iPad offers travelers portability, versatility
By LAURA BLY
Two weeks after the hyped launch of Apple's iPad, the touch-based multimedia tablet has been praised as one of the most revolutionary tools for travelers since the airport kiosk — and panned as a cumbersome, underwhelming gadget.
Its portability — the makers of Scottevest travel clothing trumpeted the fact that the iPad is small enough to fit in one of their pockets and the TSA says fliers can leave it in their carry-ons when they go through airport security — is of great appeal for travelers.
"The iPad will absolutely change the way people kill time in back seats, airports and 747s on their family vacations," says travel writer Jen Leo, co-founder of the review site BestKidsApps.com. "With its big screen (9.7 inches), extended battery life (up to 10 hours when used with Wi-Fi), Web browsing and two-player gaming capability, it's hands-down the best entertainment device to come along since the portable DVD player."
Among the naysayers: John Gordon, who blogs for www.PracticalTravelGear.com.
"So am I the only traveler who didn't run out and buy a new iPad?" writes Gordon. "With the device's limitations (no camera, physical keyboard, memory card or USB port, for starters) I've got to ask myself — do I need to spend $499 or more for something that can't even keep up with my laptop and smartphone?"
But no matter which side of the iPad divide tech-savvy travelers fall, the buzz surrounding Apple's latest bauble is more evidence that the Internet is giving way to what Forrester Research has dubbed the "Splinternet."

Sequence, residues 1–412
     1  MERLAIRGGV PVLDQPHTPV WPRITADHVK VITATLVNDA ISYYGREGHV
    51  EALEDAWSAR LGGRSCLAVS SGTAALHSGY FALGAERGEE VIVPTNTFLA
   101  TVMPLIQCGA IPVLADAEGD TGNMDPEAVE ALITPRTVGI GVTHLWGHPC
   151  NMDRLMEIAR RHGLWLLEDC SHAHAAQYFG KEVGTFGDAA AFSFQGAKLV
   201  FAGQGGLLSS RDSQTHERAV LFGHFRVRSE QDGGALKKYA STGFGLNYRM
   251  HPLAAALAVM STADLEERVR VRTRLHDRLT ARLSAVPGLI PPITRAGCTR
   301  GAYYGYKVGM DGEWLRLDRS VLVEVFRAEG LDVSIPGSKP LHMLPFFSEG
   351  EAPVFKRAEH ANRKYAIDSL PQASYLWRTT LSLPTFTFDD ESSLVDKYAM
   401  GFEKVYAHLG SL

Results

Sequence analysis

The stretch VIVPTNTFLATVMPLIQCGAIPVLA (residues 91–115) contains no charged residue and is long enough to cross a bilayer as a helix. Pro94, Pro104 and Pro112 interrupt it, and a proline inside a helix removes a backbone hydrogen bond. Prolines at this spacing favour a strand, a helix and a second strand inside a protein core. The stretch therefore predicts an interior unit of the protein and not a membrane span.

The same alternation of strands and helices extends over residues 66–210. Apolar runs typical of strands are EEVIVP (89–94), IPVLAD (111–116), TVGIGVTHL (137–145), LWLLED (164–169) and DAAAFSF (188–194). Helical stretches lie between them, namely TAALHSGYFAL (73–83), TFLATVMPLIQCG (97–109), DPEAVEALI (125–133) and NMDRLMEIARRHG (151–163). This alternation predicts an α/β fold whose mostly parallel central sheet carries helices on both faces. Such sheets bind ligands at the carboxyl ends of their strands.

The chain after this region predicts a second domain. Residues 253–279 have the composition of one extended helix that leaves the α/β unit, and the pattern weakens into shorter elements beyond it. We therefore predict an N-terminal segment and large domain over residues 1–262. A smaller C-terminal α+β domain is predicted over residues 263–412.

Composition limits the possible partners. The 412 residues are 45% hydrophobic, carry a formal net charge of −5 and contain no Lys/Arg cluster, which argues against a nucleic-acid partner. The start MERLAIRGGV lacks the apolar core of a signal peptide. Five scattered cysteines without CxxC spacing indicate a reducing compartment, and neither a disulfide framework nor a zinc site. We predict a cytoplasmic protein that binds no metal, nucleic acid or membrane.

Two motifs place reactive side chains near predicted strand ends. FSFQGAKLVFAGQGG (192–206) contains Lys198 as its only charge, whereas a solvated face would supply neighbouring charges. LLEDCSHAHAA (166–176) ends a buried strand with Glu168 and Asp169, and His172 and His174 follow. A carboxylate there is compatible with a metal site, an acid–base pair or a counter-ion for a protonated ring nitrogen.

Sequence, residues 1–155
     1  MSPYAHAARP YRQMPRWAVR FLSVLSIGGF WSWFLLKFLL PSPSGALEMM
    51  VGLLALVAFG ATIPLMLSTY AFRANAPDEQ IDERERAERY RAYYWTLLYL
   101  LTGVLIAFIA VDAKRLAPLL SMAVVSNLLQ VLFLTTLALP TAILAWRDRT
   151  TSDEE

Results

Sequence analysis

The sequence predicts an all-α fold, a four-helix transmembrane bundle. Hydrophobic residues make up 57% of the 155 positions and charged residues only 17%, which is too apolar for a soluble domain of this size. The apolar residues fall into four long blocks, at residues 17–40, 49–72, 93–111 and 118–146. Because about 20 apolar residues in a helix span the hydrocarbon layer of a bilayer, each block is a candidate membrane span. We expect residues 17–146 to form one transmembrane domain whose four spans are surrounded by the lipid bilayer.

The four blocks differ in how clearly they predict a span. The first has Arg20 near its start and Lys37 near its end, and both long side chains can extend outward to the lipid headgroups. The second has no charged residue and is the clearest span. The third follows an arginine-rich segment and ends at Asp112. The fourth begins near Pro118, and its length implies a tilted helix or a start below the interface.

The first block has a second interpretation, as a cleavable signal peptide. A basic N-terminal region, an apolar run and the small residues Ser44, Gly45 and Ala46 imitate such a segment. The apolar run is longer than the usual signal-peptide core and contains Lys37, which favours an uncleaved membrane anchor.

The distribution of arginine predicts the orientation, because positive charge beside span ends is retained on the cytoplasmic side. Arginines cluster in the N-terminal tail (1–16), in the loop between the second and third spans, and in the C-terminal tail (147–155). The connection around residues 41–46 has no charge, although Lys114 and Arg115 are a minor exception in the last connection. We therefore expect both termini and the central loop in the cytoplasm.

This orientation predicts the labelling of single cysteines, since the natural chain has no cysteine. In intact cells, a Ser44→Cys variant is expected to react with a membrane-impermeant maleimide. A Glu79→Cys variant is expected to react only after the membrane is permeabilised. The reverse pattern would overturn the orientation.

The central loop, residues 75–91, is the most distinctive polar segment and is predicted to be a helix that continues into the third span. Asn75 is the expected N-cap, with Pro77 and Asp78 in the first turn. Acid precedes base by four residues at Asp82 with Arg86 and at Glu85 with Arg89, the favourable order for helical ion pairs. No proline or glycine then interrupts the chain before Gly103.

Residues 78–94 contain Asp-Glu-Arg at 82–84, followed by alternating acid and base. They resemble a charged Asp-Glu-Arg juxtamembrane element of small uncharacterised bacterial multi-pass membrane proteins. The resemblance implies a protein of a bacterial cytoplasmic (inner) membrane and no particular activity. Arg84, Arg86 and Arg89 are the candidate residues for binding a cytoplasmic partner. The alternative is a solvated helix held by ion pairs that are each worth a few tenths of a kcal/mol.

Road warriors and vacationers alike will "continue to expect, as well as begin to demand, that all travel content and information be available in the format and on the device of their choosing," says Denver-based marketer Troy Thompson, co-author of the blog Travel 2.0.
One of the iPad's selling points for travelers who don't want to lug along a stash of books is its electronic reader function.
The iPad's e-reader lets you control font, type size and brightness; you can tap a word to bookmark your place or look up a definition and flip through colorfully illustrated pages that "curl" like the real thing. And unlike Amazon's competing (and lighter) $259 Kindle, you can read the iPad's LED-backlit screen in the dark.
For now, iPad users can only connect to the Internet via Wi-Fi, though a higher-priced model that also connects via a 3G cellular network comes out later this month. The device runs almost all the 150,000-plus apps already available for Apple's iPhone, from flight trackers to restroom finders (most priced under $5). Developers also have scrambled to deliver more than 1,000 apps designed or altered to accommodate the iPad's larger, higher-resolution screen, and that number (most priced from $5 to $15) is increasing. NetFlix's free app, for example, lets account holders live-stream movies and television episodes directly to the iPad.